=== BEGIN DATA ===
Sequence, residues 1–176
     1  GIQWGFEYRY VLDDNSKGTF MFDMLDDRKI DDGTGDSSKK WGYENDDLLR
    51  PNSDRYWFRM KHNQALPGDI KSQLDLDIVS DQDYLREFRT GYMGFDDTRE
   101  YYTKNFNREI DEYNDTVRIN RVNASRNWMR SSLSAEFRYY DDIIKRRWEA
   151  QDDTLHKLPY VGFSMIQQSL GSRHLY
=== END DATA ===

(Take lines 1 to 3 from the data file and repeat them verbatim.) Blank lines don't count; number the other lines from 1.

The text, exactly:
Sequence, residues 1–176
     1  GIQWGFEYRY VLDDNSKGTF MFDMLDDRKI DDGTGDSSKK WGYENDDLLR
    51  PNSDRYWFRM KHNQALPGDI KSQLDLDIVS DQDYLREFRT GYMGFDDTRE